GPC works towards channel duplication EIS

A MAJOR dredging project is on the agenda for Gladstone's port, to duplicate part of the current one-way shipping channel already in place.

In light of the potential anticipated growth of the port with LNG exports and the new Wiggins Island coal terminal, the Gladstone Ports Corporation has carried out channel capacity studies to understand the adequacy of the port's existing and future shipping channels.

The most recent channel capacity study showed that the port's ability to accommodate an increase in future shipping traffic was limited by the current one-way channel.

The project won't begin anytime soon, but the Gladstone Ports Corporation is required to submit a detailed brief of environmental information following feedback from its previous major dredging project.

The 2011 Western Basin Dredging and Disposal project, the largest dredging project in Australia's history, had issues that were said to have caused environmental damage in the harbour.

The new project will duplicate the Gatcombe and Golding shipping channels, located in the harbour between South Trees and Tannum Sands.

The GPC has to collect environmental baseline data, detailed designs and undergo assessments on the impact the dredging would have to the harbour, which could take up to two years.

Chief executive officer Craig Doyle said whilst the GPC was starting work towards preparing an environmental impact statement, there was no immediate need to begin dredging any time in the near future.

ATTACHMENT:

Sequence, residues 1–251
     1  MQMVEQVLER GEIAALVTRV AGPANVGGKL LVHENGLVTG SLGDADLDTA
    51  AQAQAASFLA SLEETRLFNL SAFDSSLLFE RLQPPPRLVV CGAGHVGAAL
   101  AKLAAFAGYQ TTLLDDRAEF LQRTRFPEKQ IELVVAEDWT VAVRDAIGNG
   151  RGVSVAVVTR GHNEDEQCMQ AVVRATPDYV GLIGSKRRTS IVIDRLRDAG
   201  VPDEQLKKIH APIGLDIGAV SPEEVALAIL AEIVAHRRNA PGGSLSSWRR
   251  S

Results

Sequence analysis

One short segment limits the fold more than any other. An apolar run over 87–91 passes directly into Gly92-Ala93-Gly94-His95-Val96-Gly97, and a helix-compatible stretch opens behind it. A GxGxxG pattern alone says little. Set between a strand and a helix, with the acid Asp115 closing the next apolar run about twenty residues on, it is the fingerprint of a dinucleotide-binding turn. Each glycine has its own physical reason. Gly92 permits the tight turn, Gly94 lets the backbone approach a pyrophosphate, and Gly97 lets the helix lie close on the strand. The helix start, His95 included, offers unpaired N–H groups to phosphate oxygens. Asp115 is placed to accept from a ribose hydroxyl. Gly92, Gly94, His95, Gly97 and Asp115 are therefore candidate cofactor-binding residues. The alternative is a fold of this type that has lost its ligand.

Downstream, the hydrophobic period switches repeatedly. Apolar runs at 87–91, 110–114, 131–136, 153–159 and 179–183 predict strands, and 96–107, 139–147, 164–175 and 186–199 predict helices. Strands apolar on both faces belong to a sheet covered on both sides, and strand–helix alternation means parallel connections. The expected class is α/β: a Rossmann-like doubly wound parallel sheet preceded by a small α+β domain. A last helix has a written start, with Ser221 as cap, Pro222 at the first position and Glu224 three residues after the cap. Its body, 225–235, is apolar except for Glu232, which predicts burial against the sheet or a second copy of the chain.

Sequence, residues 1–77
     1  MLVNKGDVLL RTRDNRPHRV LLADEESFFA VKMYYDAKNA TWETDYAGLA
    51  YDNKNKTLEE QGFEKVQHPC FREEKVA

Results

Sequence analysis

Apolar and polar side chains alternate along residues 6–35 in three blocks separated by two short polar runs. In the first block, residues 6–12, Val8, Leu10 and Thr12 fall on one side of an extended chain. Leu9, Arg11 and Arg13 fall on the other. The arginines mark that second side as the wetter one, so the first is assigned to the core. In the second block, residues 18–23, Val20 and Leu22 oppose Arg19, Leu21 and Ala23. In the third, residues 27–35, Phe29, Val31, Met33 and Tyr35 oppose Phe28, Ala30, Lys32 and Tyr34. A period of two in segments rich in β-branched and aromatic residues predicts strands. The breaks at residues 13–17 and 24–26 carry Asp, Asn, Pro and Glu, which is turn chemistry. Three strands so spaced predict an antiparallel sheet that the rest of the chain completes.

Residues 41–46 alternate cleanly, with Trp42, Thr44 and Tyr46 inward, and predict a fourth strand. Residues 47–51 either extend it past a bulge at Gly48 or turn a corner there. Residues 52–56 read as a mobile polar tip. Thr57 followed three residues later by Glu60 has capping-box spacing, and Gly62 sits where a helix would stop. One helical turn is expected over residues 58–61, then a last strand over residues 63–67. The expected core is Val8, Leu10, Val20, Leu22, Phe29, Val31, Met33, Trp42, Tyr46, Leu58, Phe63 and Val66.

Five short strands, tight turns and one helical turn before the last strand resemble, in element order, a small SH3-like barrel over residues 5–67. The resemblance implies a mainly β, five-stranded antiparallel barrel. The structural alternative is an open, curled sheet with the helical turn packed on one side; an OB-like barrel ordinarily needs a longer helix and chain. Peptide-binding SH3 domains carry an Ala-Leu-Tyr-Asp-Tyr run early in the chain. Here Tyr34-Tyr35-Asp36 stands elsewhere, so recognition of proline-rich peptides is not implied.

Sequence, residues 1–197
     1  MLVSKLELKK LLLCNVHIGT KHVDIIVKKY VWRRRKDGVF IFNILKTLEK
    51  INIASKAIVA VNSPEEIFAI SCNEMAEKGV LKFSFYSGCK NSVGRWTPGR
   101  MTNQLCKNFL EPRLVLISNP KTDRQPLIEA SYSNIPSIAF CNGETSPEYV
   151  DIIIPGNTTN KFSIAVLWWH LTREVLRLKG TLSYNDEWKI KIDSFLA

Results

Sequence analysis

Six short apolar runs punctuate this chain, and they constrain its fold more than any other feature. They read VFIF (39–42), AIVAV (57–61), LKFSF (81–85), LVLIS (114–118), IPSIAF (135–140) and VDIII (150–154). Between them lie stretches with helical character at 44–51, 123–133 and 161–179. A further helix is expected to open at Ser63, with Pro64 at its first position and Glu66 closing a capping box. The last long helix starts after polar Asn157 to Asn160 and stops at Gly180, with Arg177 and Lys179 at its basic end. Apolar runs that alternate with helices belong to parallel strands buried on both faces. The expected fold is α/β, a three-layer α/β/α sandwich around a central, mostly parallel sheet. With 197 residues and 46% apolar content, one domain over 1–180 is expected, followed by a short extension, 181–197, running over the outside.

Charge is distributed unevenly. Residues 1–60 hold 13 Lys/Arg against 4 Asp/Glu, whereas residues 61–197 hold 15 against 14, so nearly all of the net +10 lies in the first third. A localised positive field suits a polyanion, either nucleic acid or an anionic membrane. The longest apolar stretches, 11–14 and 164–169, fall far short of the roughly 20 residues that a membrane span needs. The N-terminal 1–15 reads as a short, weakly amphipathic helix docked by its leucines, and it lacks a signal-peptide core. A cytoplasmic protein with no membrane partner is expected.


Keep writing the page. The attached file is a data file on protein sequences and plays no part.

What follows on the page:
"Based on the current and predicted shipping demand over the next five years from existing and soon to be completed industries within the Gladstone region, there is no immediate requirement for any physical capital dredging to take place," he said.

Mr Doyle said to facilitate the potential increase in port throughput into the future and to mitigate the risks caused by additional vessels utilising the port's shipping channels, there was an overriding need to duplicate the Gatcombe and Golding Cutting Channels at some point in the future, and potentially other port shipping channels in the long-term.

"Without the duplication of the Gatcombe and Golding Cutting Channels, the ability of the port to accommodate potential future trade commitments will be significantly limited, hindering the economic potential of the region," he said.

"A 'no-action' option would also result in potential shipping delays, safety risks and other issues associated with increased congestion of existing shipping channels."

Mr Doyle said the GPC was focused on implementing lessons learned from previous port development projects and keeping the community and stakeholders updated on the project's progress.

"As we have stated previously, we have taken key learnings from the Western Basin Dredging and Disposal Project and the Independent Review of the Port of Gladstone and we are committed to incorporating these learnings into future projects, and working alongside State and Federal Government to implement those recommendations from the review pertaining to GPC."

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